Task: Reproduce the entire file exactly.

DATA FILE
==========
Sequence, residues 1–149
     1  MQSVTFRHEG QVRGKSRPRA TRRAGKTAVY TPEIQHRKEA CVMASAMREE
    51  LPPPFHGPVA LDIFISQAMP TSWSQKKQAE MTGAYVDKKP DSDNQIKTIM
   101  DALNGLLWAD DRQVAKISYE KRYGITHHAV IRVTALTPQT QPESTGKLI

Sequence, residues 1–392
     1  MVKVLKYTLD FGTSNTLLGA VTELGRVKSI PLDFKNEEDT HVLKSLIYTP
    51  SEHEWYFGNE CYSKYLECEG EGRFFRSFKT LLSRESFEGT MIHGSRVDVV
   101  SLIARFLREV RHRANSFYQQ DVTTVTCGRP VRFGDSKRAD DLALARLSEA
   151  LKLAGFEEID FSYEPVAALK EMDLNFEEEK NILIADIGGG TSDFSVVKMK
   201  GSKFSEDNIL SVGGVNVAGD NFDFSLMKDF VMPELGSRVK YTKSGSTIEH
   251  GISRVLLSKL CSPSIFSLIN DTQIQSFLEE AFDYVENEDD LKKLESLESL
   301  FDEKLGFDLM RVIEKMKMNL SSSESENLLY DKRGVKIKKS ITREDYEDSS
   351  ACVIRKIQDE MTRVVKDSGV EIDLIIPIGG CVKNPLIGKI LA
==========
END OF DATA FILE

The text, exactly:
Sequence, residues 1–149
     1  MQSVTFRHEG QVRGKSRPRA TRRAGKTAVY TPEIQHRKEA CVMASAMREE
    51  LPPPFHGPVA LDIFISQAMP TSWSQKKQAE MTGAYVDKKP DSDNQIKTIM
   101  DALNGLLWAD DRQVAKISYE KRYGITHHAV IRVTALTPQT QPESTGKLI

Sequence, residues 1–392
     1  MVKVLKYTLD FGTSNTLLGA VTELGRVKSI PLDFKNEEDT HVLKSLIYTP
    51  SEHEWYFGNE CYSKYLECEG EGRFFRSFKT LLSRESFEGT MIHGSRVDVV
   101  SLIARFLREV RHRANSFYQQ DVTTVTCGRP VRFGDSKRAD DLALARLSEA
   151  LKLAGFEEID FSYEPVAALK EMDLNFEEEK NILIADIGGG TSDFSVVKMK
   201  GSKFSEDNIL SVGGVNVAGD NFDFSLMKDF VMPELGSRVK YTKSGSTIEH
   251  GISRVLLSKL CSPSIFSLIN DTQIQSFLEE AFDYVENEDD LKKLESLESL
   301  FDEKLGFDLM RVIEKMKMNL SSSESENLLY DKRGVKIKKS ITREDYEDSS
   351  ACVIRKIQDE MTRVVKDSGV EIDLIIPIGG CVKNPLIGKI LA